All that is a long way of saying that Kenpom might be underrating Cal’s chances in this game, seeing as SDSU is going through a coaching transition and the Bears are probably (hopefully?) underrated in his system.
Keys to the Game
1. Limit Daum on both ends
If there’s a scenario where SDSU makes this game competitive, it probably involves Daum going off and getting some or all of Cal’s bigs into foul trouble. Conversely, if Daum picks up some early fouls this game could quickly get away from SDSU.
The first question Cal needs to answer is who gets the defensive assignment? Daum’s range and quickness means that Kam and King might not be great matchups. Ivan can handle the assignment, but he’s also recovering from a minor foot injury and would be risking foul trouble. Daum might be good enough (and the talent that surrounds him weak enough) that we may see double teams.
2. Do what the Cal defense did all last season: limit 3s
Last season, the Jackrabbits were on the higher end in terms of 3 point attempts and 3 point percentage. Otzelberger’s Iowa St. squads weren’t afraid to shoot from deep either. More generally, any SDSU upset will likely require a strong night from deep, and SDSU probably doesn’t (beyond Daum) have the type of players to challenge Cal’s elite interior defense.
So: Will Charlie Moore, Grant Mullins, and anybody else added to the guard rotation be ready to run players off of the 3 point line at the same rate that the Bears managed last season?
3. Get Ivan Rabb 2.0
This is probably more about future games, but how good would it feel to see Ivan go up against a legit interior challenge and come out with a clear win? That and we all need to see him looking 100% on the court to relieve general irrational anxiety about whatever minor injury he picked up in pre-season.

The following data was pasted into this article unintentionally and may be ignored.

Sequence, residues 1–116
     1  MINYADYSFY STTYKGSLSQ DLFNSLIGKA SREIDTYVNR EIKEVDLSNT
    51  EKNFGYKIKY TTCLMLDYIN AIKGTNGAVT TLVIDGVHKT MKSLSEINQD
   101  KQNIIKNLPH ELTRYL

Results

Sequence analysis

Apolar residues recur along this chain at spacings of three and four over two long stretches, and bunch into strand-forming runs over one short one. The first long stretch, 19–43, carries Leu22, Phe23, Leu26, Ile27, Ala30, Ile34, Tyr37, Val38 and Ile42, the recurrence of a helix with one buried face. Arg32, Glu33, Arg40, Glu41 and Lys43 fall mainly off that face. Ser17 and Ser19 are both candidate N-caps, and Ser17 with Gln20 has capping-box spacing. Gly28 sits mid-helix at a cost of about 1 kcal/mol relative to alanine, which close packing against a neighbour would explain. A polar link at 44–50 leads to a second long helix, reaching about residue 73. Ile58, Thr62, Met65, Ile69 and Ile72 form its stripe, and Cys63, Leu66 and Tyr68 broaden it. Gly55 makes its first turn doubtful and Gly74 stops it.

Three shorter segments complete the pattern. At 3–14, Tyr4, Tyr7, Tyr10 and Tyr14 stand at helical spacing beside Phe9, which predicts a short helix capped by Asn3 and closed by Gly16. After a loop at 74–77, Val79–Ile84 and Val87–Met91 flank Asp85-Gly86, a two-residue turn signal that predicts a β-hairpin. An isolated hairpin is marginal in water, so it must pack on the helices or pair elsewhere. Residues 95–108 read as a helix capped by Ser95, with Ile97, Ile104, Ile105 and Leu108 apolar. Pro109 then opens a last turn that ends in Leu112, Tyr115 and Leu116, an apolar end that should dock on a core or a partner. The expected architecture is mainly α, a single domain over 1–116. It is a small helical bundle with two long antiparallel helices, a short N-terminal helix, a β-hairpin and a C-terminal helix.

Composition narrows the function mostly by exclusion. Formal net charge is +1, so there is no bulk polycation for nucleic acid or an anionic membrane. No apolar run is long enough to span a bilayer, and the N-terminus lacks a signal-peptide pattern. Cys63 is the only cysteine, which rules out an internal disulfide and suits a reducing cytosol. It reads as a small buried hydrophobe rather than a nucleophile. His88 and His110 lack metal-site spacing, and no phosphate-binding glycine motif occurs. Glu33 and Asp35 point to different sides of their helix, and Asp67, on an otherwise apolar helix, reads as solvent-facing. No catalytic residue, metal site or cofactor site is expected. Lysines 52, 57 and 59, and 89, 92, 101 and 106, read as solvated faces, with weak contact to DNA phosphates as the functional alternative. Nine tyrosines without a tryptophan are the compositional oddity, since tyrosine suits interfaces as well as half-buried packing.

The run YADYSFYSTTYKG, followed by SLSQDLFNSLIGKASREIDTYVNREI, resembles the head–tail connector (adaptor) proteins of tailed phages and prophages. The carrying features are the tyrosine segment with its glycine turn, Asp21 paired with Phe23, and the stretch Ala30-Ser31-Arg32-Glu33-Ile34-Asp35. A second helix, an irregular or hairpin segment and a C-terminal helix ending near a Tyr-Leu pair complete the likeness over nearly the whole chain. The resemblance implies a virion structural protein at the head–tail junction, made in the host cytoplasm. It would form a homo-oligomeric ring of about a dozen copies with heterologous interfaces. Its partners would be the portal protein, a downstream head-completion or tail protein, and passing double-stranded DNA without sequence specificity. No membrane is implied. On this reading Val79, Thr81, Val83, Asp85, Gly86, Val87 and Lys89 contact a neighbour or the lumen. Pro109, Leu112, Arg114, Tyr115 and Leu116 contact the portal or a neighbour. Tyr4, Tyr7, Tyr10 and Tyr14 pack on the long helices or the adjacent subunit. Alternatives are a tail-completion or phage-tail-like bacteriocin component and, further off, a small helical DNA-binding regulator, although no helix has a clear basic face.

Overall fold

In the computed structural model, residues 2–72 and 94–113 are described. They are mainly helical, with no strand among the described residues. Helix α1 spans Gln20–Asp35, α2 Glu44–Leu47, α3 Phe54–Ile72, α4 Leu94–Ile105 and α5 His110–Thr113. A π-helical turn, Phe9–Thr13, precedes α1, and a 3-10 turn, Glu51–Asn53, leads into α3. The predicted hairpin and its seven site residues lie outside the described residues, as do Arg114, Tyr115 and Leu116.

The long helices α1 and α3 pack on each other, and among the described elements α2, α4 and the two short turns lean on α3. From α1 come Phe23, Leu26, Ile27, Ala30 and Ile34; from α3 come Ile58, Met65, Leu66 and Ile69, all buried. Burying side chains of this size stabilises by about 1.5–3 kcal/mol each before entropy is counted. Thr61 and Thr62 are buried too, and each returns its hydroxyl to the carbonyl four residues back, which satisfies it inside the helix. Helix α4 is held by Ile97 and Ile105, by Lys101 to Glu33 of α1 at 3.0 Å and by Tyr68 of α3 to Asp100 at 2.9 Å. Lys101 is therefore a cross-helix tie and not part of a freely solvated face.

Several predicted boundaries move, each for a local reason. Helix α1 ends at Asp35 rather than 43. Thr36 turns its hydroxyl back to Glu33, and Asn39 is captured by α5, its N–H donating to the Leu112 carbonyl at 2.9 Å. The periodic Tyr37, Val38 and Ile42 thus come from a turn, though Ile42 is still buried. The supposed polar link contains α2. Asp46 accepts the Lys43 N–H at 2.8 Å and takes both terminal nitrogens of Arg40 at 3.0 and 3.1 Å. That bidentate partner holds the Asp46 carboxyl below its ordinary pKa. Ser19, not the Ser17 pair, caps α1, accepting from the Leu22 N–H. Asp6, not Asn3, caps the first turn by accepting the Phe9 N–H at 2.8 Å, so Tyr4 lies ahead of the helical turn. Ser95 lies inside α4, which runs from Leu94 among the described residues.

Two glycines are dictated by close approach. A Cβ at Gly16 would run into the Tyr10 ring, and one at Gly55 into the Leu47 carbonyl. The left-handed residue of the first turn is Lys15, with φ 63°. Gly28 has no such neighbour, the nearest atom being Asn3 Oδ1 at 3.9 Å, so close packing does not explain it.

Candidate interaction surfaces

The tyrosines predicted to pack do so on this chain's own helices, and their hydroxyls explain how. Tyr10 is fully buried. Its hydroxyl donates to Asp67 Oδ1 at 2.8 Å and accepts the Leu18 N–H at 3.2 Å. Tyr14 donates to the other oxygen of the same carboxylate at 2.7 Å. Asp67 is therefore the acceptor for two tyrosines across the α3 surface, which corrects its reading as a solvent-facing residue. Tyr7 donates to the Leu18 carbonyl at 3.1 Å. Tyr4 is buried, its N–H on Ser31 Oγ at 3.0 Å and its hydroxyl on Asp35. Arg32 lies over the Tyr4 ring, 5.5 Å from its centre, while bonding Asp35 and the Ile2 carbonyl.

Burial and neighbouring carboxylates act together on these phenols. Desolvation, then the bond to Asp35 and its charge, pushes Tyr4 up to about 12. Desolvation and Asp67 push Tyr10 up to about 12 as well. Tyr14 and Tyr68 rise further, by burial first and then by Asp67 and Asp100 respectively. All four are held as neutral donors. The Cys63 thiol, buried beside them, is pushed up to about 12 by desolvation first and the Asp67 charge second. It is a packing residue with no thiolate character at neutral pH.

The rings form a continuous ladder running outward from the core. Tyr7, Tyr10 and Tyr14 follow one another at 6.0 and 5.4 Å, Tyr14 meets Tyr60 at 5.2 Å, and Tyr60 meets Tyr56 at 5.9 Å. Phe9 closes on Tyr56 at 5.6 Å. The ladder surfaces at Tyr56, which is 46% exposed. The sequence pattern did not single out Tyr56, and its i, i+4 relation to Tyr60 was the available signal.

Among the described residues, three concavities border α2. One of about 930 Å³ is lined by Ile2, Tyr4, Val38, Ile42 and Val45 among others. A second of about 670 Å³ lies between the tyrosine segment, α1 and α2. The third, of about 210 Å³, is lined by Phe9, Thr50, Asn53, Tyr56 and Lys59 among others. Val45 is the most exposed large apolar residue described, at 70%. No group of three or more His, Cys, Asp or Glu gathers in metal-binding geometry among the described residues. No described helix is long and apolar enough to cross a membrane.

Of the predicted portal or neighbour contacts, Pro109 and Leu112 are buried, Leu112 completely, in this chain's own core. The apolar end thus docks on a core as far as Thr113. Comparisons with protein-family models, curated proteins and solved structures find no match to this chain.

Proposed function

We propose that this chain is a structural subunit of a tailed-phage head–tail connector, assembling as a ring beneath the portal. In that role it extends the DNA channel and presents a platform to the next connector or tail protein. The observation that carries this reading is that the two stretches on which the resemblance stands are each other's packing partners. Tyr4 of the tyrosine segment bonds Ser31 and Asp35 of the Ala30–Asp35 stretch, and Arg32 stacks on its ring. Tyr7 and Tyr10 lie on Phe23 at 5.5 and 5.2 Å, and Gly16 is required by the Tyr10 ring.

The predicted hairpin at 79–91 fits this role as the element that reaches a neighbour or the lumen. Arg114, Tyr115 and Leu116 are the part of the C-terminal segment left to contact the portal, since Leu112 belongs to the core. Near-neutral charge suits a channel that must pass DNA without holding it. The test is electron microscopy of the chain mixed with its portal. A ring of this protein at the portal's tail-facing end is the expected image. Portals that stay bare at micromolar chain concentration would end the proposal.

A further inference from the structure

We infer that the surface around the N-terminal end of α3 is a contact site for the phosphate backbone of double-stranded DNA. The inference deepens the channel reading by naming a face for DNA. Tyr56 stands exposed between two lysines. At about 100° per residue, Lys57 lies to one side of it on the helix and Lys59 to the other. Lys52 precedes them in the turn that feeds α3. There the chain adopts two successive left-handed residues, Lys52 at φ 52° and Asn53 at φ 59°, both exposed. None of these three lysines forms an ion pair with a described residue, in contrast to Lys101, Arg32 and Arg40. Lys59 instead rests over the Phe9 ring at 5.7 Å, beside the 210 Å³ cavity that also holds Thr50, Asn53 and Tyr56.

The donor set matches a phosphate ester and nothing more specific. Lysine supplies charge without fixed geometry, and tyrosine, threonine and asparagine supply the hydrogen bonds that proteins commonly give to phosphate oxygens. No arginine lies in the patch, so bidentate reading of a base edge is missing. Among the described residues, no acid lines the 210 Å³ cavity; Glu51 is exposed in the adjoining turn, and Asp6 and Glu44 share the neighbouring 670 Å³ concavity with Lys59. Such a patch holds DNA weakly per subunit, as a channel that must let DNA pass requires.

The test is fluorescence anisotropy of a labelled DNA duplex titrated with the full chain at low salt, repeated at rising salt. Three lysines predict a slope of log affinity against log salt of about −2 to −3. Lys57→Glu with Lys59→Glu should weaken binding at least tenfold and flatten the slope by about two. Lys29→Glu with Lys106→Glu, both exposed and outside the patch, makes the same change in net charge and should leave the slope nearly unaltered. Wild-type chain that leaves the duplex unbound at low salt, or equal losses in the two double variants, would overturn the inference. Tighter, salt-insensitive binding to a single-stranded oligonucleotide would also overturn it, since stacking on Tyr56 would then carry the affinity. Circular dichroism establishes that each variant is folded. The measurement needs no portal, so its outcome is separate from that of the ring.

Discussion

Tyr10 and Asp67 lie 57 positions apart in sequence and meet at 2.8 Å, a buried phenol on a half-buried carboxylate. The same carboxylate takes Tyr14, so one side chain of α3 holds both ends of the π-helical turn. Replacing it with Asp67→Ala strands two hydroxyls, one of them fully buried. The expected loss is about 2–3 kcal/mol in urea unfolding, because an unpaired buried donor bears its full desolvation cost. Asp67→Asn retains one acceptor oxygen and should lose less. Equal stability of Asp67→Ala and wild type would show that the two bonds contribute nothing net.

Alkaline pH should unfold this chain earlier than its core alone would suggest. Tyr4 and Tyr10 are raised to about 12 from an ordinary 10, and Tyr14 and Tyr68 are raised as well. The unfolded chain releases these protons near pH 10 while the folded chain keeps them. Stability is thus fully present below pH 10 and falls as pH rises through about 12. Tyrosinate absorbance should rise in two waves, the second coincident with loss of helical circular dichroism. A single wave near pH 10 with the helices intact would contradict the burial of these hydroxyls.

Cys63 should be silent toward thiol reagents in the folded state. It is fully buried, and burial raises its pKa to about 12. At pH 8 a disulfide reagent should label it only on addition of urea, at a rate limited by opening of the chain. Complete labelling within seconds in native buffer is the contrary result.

The Pac-12 isn’t full of experienced, high end big men this season (of the seven post players who made 1st or 2nd team all conference, Rabb is the only returner) and that fact buoys hopes that he can improve on last year’s stats. A strong start against legit non-conference opposition will only bolster our long term excitement for the season.
4. Memorial #Kod5 keys to the game blank
There’s not enough scouting info on SDSU’s new personnel and coach to come up with 5 non-coach-speak keys, but we gotta get to 5 ‘cause them’s the rulesa
5. Kodiak’s 5th key super fun time extravaganza! Hope that Cal shoots at or above their own baseline while SDSU doesn’t!
Last year, SDSU surrounded one super-efficient player (Daum) with a bunch of equally solid shooters. Most of those guys are gone, so the question now is whether or not SDSU has enough weapons to keep defenses honest.
SDSU is juuuuust good enough to make me a little bit nervous. This isn’t quite like 2015-16, when Cal started the season with UCSB and a bunch of tomato cans. SDSU (Jackrabbits), UC Irvine, and SDSU (Aztecs) are all high end mid-majors who are capable of pulling an upset over a team that isn’t ready to play. Cal is the better team, and they are playing with home court advantage, but this isn’t a body bag game either. Come out strong, Bears.